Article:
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Quick Facts 2: Realities of Hiring People with Disabilities: Myths & Facts – Problems & Solutions

by Jennifer McDonough and Josh Taylor

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Smart business people continually strive to improve customer service and employee relations. When the customer or employee has a disability, simple etiquette can pave the way for a successful relationship.

Myths & Facts

Myth:  It is expensive to accommodate workers with disabilities.

Fact:    Most workers with disabilities require no special accommodations and the cost for those who do is minimal or much lower than many employers believe. Studies by the Office of Disability Employment Policy’s Job Accommodation Network have shown that 59% of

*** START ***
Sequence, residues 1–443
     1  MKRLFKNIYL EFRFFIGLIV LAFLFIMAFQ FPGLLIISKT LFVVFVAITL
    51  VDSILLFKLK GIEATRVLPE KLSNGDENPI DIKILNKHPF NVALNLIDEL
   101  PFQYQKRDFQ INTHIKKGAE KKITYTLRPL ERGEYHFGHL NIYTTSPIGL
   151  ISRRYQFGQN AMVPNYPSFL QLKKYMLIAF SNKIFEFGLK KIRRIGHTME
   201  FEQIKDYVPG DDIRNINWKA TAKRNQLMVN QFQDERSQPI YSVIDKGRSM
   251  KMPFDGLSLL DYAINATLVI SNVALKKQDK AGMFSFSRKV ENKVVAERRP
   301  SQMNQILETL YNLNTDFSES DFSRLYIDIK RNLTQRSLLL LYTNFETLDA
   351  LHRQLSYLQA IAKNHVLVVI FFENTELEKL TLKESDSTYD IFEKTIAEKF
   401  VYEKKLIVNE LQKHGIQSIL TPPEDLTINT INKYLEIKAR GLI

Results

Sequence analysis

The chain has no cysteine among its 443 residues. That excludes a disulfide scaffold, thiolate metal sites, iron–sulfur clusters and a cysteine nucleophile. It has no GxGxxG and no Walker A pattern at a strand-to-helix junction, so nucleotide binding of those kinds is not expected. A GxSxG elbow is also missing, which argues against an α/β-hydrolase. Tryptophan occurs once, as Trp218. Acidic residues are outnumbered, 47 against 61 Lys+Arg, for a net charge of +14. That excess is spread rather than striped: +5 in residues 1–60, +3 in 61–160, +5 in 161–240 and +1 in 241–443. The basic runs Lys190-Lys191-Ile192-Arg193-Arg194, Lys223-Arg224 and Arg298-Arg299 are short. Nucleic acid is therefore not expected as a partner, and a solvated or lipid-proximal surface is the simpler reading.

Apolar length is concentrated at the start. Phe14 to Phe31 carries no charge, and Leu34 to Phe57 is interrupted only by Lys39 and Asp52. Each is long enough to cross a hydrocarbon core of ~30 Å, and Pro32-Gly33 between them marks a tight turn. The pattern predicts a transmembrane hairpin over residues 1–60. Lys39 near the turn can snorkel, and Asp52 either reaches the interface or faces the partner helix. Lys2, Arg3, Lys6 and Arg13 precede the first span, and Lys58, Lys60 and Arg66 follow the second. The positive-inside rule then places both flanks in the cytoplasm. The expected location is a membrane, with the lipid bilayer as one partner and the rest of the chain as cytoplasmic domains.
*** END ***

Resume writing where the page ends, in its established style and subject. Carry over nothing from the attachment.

accommodations cost nothing, and 36% said a one-time cost was involved with a medium cot of $500.  Findings from ODEP JAN Study (9/30/2018) “Workplace Accommodations:  Low Cost High Impact”           

Myth:  Most employers think it is to difficult to provide accommodations to workers with disabilities.

Fact:    The majority of employers who had made accommodations found that the median cost of the accommodation was $300. Benefits included retaining a valuable employee and increased productivity.

Myth: Employees with disabilities will use more sick leave and won’t be as productive as other employees.

Fact:    Employees with disabilities have the same absentee and sick rates as non-disabled employees. Industry reports consistently rate workers with disabilities as average or above average in performance, quality and quantity of work, flexibility to demands, attendance and safety.